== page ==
In 1903, the Wright brothers, Wilbur and Orville, made the first powered aircraft flight. Their first flight’s distance was less than the wingspan of a Boeing 747. But they had done it – they had achieved powered flight. That story is well known.
But what happened next? Well, five years later, after more messing around as backyard hobbyists, the US Army awarded them a $25 000 contract to make a military aeroplane.
There were stipulations. The plane had to be able to carry two men. It had to be able to fly at a top speed of 65 km/h and have a total travel distance of 200 km. In addition, the brothers had to train three pilots. The army also offered a bonus: they would be paid an extra $2 500 for every mile per hour that the plane could fly above the benchmark.
The first ‘flight school’ candidate to go into the air was the perfect choice, from the Wright’s point of view. He weighed only 59 kg. No doubt, flying then was something like jockey school. This guy was Lieutenant Benjamin Foulois, a 29-year-old enthusiast who was hooked by the flying bug. He described the experience as “a surge of joy through my whole body that defied description”.
Foulois’s flight lasted only ten minutes, but that was a really long time, compared with the few seconds of the Wright brothers’ first-ever flight.
Crowds gathered to watch, and Orville complained that he did not have time to answer “thousands of questions that people were asking about the aircraft”.
The Wrights and their trainee pilots tinkered and fiddled and, on October 9, 1908, Orville Wright took the final prototype up to fly in front of three members of President Theodore Rooseveldt’s Cabinet. Orville Wright stayed aloft for an incredible 57 minutes and 13 seconds, a ‘world record.’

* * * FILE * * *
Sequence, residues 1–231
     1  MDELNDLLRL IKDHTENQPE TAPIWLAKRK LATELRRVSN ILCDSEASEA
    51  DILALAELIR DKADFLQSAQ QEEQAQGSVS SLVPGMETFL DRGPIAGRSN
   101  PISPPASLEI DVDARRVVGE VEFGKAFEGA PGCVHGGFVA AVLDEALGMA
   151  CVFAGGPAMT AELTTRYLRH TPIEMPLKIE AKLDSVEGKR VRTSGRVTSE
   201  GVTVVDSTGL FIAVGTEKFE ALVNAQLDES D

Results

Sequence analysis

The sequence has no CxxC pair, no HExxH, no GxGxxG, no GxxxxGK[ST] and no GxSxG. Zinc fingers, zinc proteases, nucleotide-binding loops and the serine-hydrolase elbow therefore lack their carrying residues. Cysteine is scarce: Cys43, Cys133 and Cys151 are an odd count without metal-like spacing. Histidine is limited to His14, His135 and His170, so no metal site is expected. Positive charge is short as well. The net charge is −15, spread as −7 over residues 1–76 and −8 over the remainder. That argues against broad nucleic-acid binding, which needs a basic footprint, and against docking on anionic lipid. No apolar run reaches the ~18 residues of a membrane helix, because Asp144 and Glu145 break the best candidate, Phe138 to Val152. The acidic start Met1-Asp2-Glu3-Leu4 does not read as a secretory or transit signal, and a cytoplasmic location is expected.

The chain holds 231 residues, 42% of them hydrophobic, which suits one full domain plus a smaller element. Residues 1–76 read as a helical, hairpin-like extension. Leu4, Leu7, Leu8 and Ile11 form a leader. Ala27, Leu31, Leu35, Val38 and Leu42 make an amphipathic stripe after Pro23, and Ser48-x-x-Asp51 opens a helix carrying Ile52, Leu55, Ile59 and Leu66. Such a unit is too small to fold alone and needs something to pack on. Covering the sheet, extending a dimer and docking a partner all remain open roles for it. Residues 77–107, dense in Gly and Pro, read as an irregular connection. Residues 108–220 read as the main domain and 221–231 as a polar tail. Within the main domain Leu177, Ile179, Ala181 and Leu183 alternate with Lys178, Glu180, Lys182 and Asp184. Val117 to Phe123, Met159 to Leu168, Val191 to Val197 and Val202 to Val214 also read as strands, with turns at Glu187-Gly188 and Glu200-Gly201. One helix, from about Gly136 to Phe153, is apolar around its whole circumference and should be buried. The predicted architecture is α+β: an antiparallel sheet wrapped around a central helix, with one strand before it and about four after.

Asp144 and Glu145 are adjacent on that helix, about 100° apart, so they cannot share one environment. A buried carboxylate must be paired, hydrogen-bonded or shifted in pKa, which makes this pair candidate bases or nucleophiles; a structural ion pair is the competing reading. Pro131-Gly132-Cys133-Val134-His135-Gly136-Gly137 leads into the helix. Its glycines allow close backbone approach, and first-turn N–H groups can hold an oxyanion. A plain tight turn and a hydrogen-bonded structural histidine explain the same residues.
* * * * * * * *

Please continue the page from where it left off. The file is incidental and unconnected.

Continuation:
After a few minutes of refuelling and prodding, he took off again and broke the ‘world record’ by staying up for 62 minutes and 15 seconds. Then, for a third flight, he took off with a passenger, Lieutenant Frank Lahm.
During the days that followed, Orville Wright repeatedly broke his records for a single-person flight and a two-person flight.
Clearly, they were improving various things all the time. Every so often, when I board a plane, I think how much I wish that I could wave a magic wand and bring the Wright brothers back for a few minutes. I would love to say: “Look at that huge thing. It has food on board and movies and toilets and reclining seats, and it will fly to New York from Johannesburg.” And then add: “That is a real aeroplane.” No doubt, they would not believe it until they saw it take off.
My point in all this is to show how technology development takes place. The first-ever flight was so low and short in both time and distance that it almost did not count. But just over a decade later, when the First World War broke out, aircraft soon made an entrance into the war.
The development process of the Wright brothers was to keep trying and changing. They must have had written records, but most of it was a case of trying and testing. They did not have computers to carry out flight simulations. They did not have wind tunnels to test for structures with optimum lift. They did not have a materials lab to develop lightweight aluminium alloys.
Today, we have those sorts of wonderful aids. Today, we can ‘fly’ an entire aeroplane on a computer simulation before it is even built. However, I have spoken to test pilots and they still tell me that, as they race down the runway on the first-ever flight of the Airbus A340, for example, and as they feel the wheels start to lift, they are still not sure if it will actually fly. They tell me that they fervently thank their lucky stars when such an aircraft finally lifts up into the air.
My point is that, although today the approach to modern development is so computer- and lab-based, there is still a place for the Wright brothers-type of intelligent tinkering. Development is development and that means trying various angles and approaches until you find the one combination that works best.
The mind-machine interface really counts.